Follow Us:

Energy & Environment

  • Article
  • Comments

Lost in Cyberspace: New Jersey’s Lead-Poisoning Websites

All too frequently, clicking on one of the state’s lead-safety sites triggers a helpful message like ‘This page does not exist’

lead abatement

The Internet seems like the perfect place to research all facets of lead poisoning, but trying to find up-to-date information or locate lead-safe housing on some of New Jersey’s websites is frustrating and at times futile.

Unfortunately, it’s all too easy to dig up outdated data and waste time clicking on dead links.

Here are a few examples of problematic sites:

Childhood Lead Poisoning Prevention

The state Department of Health’s website says “the Centers for Disease Control and Prevention (CDC) defines lead poisoning in children as a blood lead level of 10 micrograms per deciliter … or above.”

But the CDC dropped its 10 microgram “level of concern” in 2012 in favor of a 5 microgram “reference level.” That level is used to “identify children who have been exposed to lead and who require case management,” according to the CDC website.

Several New Jersey flyers -- for http://www.state.nj.us/health/fhs/newborn/documents/poster_healthfair.pdf health fairs and other public education events, for schools to distribute parents, and for health departments to distribute to residents of multi-unit buildings – still refer to the CDC-abandoned 10 microgram “level of concern.”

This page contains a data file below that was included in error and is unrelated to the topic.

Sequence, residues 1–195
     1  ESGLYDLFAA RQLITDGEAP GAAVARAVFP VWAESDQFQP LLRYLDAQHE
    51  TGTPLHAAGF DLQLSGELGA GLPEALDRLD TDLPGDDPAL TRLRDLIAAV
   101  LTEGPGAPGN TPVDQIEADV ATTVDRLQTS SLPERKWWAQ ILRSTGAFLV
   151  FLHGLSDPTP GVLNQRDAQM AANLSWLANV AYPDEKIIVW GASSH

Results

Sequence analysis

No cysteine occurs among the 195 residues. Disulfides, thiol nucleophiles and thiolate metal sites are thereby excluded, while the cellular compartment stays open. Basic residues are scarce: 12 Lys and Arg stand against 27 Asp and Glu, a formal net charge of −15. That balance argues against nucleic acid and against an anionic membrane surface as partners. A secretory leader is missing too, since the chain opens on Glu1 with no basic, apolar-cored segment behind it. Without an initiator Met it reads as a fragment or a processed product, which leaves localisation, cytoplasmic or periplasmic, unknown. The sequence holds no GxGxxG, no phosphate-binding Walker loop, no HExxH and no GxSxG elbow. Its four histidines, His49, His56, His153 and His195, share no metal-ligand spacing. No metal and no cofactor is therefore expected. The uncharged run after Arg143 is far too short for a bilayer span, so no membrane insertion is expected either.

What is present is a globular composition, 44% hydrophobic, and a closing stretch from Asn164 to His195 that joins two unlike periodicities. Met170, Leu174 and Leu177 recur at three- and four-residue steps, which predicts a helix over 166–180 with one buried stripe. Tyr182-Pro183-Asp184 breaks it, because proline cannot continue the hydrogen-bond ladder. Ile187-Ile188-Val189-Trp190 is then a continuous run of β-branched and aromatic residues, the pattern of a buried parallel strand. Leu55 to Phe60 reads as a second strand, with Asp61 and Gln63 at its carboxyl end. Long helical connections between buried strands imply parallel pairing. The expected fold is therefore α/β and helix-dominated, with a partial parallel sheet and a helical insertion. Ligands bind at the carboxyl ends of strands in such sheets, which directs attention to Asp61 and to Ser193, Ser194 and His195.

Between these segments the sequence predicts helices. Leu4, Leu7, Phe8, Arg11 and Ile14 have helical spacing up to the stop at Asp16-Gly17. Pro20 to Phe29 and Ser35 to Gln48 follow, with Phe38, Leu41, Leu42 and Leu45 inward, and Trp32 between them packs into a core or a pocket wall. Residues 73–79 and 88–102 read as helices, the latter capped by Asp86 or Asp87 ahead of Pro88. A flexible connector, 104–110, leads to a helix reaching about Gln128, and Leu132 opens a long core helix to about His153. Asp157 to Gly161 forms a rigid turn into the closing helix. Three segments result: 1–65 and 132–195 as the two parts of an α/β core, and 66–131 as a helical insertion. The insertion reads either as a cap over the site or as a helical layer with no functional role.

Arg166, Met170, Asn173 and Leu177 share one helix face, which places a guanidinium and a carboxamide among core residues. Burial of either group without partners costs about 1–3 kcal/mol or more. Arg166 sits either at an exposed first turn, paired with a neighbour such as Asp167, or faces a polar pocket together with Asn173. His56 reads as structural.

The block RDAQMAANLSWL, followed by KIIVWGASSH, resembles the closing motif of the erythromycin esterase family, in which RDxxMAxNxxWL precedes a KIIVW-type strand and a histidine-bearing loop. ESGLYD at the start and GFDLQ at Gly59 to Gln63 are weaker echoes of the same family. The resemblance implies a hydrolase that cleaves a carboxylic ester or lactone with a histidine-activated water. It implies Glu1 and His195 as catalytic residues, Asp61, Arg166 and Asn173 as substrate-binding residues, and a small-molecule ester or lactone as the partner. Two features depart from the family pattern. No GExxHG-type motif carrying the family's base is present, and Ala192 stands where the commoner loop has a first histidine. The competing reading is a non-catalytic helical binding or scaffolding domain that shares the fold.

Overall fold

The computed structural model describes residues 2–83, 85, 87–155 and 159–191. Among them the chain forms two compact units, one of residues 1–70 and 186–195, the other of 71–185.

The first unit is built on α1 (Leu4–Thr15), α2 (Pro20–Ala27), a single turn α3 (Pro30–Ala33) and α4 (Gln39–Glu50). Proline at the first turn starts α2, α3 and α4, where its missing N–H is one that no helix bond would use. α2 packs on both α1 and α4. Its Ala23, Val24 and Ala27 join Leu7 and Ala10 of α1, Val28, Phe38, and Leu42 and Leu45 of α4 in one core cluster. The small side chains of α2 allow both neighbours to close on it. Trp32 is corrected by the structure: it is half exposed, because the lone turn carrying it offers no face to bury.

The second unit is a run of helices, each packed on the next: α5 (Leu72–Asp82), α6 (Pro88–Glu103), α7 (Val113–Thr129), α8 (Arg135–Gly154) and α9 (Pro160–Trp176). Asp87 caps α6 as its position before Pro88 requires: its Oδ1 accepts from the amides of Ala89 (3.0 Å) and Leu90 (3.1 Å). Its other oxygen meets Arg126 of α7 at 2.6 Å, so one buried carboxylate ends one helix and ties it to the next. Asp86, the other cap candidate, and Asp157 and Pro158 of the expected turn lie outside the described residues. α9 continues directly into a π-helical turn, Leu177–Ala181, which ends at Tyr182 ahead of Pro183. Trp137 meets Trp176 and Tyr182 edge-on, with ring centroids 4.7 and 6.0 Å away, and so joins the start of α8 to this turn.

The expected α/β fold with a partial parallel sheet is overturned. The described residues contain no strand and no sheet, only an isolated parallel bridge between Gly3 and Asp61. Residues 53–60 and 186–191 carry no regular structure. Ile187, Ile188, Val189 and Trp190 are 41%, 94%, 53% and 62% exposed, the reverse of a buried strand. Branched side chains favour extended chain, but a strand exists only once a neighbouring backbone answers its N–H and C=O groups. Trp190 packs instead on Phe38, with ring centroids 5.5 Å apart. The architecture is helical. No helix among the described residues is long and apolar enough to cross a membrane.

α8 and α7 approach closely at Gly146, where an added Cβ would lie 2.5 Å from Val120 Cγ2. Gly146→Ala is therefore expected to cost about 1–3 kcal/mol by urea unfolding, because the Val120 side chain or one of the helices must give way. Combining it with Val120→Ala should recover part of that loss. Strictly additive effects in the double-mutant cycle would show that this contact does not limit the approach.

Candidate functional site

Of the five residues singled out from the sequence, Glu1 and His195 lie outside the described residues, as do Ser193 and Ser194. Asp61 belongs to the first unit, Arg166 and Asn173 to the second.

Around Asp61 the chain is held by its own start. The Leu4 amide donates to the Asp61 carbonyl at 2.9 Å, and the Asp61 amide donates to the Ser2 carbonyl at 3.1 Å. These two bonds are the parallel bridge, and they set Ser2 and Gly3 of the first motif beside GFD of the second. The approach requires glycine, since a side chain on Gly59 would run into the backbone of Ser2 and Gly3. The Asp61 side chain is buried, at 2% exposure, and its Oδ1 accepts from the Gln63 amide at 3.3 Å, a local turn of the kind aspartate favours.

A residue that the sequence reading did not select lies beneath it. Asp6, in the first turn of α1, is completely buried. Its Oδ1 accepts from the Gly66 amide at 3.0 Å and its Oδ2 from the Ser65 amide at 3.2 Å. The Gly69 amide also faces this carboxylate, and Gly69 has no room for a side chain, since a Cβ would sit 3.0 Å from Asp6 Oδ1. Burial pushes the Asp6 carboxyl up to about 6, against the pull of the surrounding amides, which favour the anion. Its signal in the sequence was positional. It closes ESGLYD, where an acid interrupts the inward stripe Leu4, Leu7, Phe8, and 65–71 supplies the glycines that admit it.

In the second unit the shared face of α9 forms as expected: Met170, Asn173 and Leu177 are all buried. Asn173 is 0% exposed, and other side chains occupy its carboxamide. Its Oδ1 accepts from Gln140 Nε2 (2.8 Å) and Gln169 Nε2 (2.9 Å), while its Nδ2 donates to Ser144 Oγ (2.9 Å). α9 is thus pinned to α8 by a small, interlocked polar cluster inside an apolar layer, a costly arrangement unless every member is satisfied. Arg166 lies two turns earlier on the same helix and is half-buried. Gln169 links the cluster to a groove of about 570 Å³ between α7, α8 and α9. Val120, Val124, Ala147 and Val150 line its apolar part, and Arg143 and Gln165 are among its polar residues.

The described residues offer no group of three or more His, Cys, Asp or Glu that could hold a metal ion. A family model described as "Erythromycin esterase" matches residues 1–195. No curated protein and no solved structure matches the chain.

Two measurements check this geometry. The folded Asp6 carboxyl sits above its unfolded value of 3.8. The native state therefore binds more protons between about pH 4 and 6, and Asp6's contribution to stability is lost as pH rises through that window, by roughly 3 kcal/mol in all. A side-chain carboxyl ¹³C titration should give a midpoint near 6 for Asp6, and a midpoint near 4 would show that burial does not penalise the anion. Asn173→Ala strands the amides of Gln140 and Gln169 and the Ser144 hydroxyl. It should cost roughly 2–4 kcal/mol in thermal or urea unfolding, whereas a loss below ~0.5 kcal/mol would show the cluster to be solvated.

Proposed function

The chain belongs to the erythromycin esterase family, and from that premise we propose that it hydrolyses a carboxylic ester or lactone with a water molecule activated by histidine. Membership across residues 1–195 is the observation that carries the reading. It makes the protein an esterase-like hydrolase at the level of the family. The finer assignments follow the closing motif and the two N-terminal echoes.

New Jersey Online Lead Safe Housing Registry Attempting to access a map on this state website triggers the following message: “This webpage is not available.”

www.leadsafenj.org

Trying to reach this website to get information on lead inspections and a list of state-certified lead-evaluation contractors leads to this message: “This Account has been suspended.” Nonetheless, the state Department of Community Affairs has a website with links to lists of certified lead evaluation and lead abatement contractors.

Lead Safe New Jersey Program

Clicking on the link leads to this message: “The page you have requested cannot be displayed because it does not exist, has been moved, or the server has been instructed not to let you view it.”

Todd B. Bates, a finalist for the 2010 Pulitzer Prize in Public Service, is a freelance environmental, health and science writer and an investigative reporter. He was a staff reporter for New Jersey newspapers for nearly 35 years. His most recent assignment was covering the environment and severe weather as a member of the Investigations Team at the Asbury Park Press.

Sponsors
Corporate Supporters
Most Popular Stories
«
»